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Your Tax Dollars, 'Fresh' Late-term Aborted Babies and Humanized Mice


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Watch Jeffrey's full interview with CBN News' Mark Martin about how entrenched the federal government is in funding research for "humanized mice" and how it drives the market for "fresh" late-term aborted babies.

The federal government's research and funding of research using "humanized mice" is driving the demand for late-term aborted baby body parts according to one journalist who's been reporting on the practice for years.

Terry Jeffrey with CNS News believes it's simply a fact due to all the research granted by agencies like the National Institutes of Health (NIH).

He told CBN News that it's been financed through the NIH and other government agencies like the Food and Drug Administration (FDA). 

Jeffrey says Congress recently investigated the harvesting of tissue from clinics like Planned Parenthood but didn't act.

"I think it's unfortunate that the Republican leadership so far hasn't mustered the courage to force a national debate on this," Jeffrey elaborated. 

"I think if the lid is ripped off this and the people realize that the federal government is driving a research industry in this country, it's not private business, it's the federal government, that demands organs taken from late-term babies that the country would demand that it be stopped," he also told CBN News.

He said Congress allowed for the funding as early as 1993 with the NIH Revitalization Act.

Jeffrey said the act had language that "valuable consideration" could not be given in exchange for human fetal tissue.

He explained the act later on allowed for a technicality in the practice with its definition of "valuable consideration" not to include reasonable payments for things like securing the tissue, processing, quality control, shipping it, etc. Jeffreys says that allowed money to be exchanged in the practice. 

"Even back then as they are now using that tissue to transplant it into mice to make what they call humanized mice. So, this is a legal enterprise that the federal government has sanctioned literally and unfortunately for decades," Jeffrey told CBN News.

Jeffrey said the idea of using "humanized mice" started back in the 1980's to research drugs to treat HIV/AIDS with researchers looking for a non-human way to test the drugs when the virus only affects human blood.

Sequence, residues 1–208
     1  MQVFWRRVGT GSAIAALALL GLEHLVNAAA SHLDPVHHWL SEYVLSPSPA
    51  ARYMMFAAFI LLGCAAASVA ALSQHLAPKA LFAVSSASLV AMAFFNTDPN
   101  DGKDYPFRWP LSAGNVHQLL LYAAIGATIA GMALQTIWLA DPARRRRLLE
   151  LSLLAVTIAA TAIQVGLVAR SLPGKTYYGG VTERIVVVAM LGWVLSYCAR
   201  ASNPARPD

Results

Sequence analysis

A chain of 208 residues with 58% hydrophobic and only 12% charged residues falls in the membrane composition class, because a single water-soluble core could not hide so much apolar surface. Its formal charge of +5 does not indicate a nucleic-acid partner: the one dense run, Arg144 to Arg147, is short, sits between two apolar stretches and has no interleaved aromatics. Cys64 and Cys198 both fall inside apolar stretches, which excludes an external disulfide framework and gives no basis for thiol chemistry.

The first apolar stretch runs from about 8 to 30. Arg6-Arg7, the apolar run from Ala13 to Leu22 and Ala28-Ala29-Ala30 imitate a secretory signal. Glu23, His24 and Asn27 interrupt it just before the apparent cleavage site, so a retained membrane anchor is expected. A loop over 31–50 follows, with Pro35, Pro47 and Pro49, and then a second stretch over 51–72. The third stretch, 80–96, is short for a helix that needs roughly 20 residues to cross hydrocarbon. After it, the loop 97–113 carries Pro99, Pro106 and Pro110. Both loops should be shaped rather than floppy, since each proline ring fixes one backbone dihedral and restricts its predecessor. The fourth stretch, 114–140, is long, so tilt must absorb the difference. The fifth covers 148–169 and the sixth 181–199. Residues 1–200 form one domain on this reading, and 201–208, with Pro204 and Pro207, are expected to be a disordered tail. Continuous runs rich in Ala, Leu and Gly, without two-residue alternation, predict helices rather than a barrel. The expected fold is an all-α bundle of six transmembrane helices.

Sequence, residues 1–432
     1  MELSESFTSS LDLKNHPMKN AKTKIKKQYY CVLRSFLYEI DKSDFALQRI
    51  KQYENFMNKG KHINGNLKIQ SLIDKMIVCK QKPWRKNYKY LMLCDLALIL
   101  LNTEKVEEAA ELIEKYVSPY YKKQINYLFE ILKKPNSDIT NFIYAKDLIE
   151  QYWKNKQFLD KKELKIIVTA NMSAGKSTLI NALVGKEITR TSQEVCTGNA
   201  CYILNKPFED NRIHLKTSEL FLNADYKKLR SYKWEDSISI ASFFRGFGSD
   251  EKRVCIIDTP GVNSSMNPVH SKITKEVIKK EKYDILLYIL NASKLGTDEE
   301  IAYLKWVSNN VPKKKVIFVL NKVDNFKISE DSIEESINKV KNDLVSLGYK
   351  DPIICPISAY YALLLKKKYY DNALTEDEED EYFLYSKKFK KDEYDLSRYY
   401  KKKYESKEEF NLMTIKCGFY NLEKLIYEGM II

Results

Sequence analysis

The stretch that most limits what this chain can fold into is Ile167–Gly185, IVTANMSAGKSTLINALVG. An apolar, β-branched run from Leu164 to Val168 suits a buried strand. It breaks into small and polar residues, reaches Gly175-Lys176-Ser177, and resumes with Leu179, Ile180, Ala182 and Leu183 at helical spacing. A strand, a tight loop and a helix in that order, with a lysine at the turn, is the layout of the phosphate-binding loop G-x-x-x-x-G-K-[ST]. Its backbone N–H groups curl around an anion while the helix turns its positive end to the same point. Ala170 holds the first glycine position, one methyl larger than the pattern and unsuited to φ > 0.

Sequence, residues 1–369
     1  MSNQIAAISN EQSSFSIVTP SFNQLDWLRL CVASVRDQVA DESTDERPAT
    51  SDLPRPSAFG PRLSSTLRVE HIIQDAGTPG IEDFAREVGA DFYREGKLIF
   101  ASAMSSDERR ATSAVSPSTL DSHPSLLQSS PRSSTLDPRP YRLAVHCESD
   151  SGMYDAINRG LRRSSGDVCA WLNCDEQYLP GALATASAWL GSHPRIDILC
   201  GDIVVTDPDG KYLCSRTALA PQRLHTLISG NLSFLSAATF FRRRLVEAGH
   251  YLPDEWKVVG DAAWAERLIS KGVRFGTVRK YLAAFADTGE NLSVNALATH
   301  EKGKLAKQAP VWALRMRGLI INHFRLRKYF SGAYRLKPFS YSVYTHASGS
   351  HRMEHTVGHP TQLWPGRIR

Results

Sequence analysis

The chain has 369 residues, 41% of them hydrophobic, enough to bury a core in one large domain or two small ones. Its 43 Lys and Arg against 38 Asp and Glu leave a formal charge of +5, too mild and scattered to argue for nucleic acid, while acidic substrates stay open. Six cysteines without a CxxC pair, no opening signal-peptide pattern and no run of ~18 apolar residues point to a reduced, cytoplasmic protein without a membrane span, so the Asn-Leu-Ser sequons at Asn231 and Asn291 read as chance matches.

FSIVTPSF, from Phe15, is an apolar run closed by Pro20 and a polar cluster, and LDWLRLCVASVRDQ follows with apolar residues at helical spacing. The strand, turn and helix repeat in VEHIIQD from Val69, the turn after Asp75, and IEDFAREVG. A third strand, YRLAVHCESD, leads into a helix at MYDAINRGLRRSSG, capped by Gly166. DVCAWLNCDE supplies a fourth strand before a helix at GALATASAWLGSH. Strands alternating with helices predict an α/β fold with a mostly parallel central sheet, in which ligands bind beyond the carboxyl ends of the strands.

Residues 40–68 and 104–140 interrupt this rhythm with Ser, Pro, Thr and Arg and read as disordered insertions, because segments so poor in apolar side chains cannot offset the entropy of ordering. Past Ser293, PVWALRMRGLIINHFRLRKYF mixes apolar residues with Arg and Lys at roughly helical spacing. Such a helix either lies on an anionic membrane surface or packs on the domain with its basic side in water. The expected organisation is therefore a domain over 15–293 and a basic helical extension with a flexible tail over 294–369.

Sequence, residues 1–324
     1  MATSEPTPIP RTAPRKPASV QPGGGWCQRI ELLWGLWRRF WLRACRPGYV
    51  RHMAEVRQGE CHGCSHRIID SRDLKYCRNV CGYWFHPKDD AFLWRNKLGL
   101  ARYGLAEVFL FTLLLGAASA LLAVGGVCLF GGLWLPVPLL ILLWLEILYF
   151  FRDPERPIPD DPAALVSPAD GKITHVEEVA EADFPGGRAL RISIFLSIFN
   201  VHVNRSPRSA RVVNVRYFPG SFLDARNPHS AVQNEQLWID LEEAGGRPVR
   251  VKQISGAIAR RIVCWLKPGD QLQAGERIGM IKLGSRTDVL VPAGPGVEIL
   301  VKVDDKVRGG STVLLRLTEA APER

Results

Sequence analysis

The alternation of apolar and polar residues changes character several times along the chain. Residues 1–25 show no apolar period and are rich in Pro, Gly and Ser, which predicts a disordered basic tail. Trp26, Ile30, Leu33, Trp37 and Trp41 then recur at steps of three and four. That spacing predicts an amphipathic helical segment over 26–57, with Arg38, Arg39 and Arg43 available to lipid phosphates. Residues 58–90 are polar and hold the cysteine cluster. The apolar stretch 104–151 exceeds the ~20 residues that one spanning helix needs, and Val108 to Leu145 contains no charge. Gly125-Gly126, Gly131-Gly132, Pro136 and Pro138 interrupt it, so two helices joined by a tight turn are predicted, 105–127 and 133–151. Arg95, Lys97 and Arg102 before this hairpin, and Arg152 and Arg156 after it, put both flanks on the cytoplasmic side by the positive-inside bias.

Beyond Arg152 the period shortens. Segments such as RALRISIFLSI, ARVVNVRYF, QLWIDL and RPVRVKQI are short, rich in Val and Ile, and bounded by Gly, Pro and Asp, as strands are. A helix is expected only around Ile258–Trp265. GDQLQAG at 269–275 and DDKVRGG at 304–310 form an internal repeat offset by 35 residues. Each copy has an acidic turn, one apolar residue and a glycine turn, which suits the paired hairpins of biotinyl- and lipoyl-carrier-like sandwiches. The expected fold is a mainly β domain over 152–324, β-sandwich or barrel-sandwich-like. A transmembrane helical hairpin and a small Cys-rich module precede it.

"So they came up with the idea to transplant human fetal tissue that hadn't "typed" to its own person that the tissue wouldn't reject the mice - and that was the case. So they created humanized mice for AIDS research. Research has expanded but the idea is basically the same," Jeffrey explained.

The NIH is set to give out a $103 million in grants for the current fiscal year according to Jeffrey. 

"I haven't audited that whole $103 million, so I don't know how much of it is going to research that involves these mice. But, I think it's a reasonable hypothesis that most of it is, in fact, going to create these mice." 

"What's really outrageous about this is that the government is creating a demand for fresh tissue that has to be removed immediately after an abortion from a late-term aborted baby," he told CBN News.

He also says the House passed an appropriations bill last year that would prevent funding of this type research but it didn't pass the Senate.

Jeffrey points to the "heartbeat bill" in the House that would outlaw abortion after a baby's heartbeat is detected would also impact this research.

"Because this research needs babies that are past that point that have developed bigger livers and thymus, quite frankly; if you outlaw abortion at the time of the heartbeat, this research stops because they will not have those abortions where they can take a baby that's just been aborted and remove its liver and thymus and bone marrow and immediately ship it off to one of these federally funded researchers. So, we can stop this by stopping abortions past the heartbeat," Jeffrey said.

Jeffrey told CBN News he even thinks pro-abortion Americans would "step-back from actually trying to defend this and defend federal funding of it if they were really forced to focus on what's going on here."

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